The rather active UpDayton group from the Dayton Create group hosted this young creative summit. The Dayton Daily News has a report here, plus the usual entertaining comments.
Esrati blogged a critique of the process (which sounds like a variation on one of those strategic planning "colored dot" exercises). It's Great in Dayton has an additional critique of the process. Perhaps the other bloggers will join in soon with comments at their sites.
Here are the four initiatives to come out of the summit, courtesy of the Dayton Daily News:
- Community Programs for Youth: Particularly targeting youth who are in the downtown areas after school and engaging them in activities that are especially coordinated for them.
- Communication Hub: Web-based information source about all regional events and items unique to the region. Site would also provide an inventory of all Dayton region attributes (events, parks, cultural opportunities, etc.)
- Grow Downtown Dayton: Work in partnership with city and business leaders to focus on downtown Dayton in demonstrating more reasons to enjoy the region (such as places to live, eat, and shop). Goal is to promote and attract popular venues/entertainment options to the center of the city.
- Wayne Ave. Corridor: Create a more interesting, colorful and lively corridor with a well-lit walkway along Wayne between Third and Fifth streets. Work with businesses to clean up and provide unique options.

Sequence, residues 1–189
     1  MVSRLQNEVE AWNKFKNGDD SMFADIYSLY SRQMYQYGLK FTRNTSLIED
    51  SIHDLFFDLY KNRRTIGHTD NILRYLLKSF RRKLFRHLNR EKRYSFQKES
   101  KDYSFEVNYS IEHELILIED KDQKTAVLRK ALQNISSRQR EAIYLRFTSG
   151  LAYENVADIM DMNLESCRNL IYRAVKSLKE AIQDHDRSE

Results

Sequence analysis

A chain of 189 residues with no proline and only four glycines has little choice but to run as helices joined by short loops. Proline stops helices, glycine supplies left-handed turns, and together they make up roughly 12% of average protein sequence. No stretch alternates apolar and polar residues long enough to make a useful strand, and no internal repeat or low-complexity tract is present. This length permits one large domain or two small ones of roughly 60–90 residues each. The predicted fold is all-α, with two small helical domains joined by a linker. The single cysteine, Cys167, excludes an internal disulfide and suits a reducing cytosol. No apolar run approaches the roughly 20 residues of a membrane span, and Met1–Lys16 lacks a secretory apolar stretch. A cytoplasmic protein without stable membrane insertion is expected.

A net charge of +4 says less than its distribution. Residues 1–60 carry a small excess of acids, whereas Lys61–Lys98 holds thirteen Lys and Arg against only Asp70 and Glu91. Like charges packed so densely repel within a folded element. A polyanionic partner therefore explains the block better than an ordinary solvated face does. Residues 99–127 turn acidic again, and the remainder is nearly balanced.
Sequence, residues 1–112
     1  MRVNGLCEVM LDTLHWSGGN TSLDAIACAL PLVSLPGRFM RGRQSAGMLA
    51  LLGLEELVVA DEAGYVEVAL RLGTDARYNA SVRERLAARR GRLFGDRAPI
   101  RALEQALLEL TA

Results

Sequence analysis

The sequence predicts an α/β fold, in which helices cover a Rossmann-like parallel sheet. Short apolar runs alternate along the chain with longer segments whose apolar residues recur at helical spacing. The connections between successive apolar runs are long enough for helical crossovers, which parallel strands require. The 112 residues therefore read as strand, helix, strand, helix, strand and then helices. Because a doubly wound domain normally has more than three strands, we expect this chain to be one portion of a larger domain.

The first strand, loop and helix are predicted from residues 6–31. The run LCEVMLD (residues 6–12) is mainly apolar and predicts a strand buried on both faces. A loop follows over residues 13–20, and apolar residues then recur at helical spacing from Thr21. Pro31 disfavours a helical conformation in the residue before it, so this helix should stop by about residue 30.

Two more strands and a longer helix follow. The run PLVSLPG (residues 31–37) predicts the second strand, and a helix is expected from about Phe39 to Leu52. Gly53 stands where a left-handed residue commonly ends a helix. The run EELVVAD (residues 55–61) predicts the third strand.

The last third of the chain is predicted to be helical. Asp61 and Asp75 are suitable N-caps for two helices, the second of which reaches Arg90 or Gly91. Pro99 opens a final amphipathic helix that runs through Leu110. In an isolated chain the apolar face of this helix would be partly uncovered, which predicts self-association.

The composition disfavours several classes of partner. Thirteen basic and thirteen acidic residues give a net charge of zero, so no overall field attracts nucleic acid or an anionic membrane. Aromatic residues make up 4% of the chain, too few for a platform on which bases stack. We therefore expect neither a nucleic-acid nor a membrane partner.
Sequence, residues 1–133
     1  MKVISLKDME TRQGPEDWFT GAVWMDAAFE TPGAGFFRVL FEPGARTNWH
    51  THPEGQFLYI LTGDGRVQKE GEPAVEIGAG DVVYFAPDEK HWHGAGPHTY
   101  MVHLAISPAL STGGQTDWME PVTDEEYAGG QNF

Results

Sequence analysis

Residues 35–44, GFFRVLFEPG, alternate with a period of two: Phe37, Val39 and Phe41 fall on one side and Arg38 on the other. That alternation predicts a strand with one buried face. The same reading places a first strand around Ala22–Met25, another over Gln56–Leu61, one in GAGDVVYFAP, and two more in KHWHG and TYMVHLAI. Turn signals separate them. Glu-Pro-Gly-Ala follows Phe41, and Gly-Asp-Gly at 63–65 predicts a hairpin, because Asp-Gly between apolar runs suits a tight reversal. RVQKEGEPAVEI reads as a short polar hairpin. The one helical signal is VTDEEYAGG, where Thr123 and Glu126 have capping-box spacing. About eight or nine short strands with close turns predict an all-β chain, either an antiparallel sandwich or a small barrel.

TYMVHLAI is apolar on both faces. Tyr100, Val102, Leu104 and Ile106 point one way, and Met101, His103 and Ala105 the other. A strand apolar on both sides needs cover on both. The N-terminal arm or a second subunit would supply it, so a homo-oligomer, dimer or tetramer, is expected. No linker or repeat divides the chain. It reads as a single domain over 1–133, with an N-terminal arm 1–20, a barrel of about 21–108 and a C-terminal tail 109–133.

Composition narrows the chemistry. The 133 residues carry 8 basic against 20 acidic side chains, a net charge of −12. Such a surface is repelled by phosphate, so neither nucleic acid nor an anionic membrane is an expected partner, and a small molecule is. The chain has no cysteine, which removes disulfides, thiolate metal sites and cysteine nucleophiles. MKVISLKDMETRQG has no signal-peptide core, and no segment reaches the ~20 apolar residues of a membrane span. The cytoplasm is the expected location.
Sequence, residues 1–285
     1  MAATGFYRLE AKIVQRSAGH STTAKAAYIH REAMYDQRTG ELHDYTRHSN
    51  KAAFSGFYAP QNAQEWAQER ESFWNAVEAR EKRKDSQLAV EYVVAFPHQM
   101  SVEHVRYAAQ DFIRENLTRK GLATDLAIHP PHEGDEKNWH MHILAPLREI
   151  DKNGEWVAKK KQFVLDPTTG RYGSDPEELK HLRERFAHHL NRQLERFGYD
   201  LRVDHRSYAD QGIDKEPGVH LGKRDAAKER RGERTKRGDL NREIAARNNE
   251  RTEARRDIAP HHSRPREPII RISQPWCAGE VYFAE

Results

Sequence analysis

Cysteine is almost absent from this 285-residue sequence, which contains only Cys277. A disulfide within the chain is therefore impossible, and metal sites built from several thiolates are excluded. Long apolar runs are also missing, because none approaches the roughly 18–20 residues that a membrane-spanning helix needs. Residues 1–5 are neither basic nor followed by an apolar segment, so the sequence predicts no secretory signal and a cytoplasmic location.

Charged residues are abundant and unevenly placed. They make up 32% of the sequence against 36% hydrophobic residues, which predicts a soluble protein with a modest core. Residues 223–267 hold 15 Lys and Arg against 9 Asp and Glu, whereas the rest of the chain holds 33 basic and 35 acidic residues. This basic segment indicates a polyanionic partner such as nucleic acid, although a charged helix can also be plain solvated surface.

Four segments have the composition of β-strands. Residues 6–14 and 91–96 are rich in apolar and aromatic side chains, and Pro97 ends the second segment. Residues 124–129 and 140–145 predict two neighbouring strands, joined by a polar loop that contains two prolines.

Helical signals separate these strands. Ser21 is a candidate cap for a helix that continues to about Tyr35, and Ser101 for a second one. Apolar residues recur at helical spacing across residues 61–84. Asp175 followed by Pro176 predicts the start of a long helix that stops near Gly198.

Notable is that three of the four were specfic to downtown. The communcations hub is the only one that has broader applications for the rest of metropolitan area.
And we've already heard about two of these (pedestrian unfreindly Wayne Avenue and "growing downtown") as they were discussed at DaytonMostMetro at various times (not to mention the obvious intersection with that Greater Downtown Plan).
Yet is all this really going to keep people in the region or attract them here? The closing lines at the DDN article hints at something maybe more basic and fundamental than these four action items:
Topping the list of needs, according to several participants interviewed, are jobs.
“I look at Dayton and I say it doesn’t look too much different than Detroit. Just smaller,” Lewis said.Well, actually Detroit has a Hamtramck. Dayton doesn't.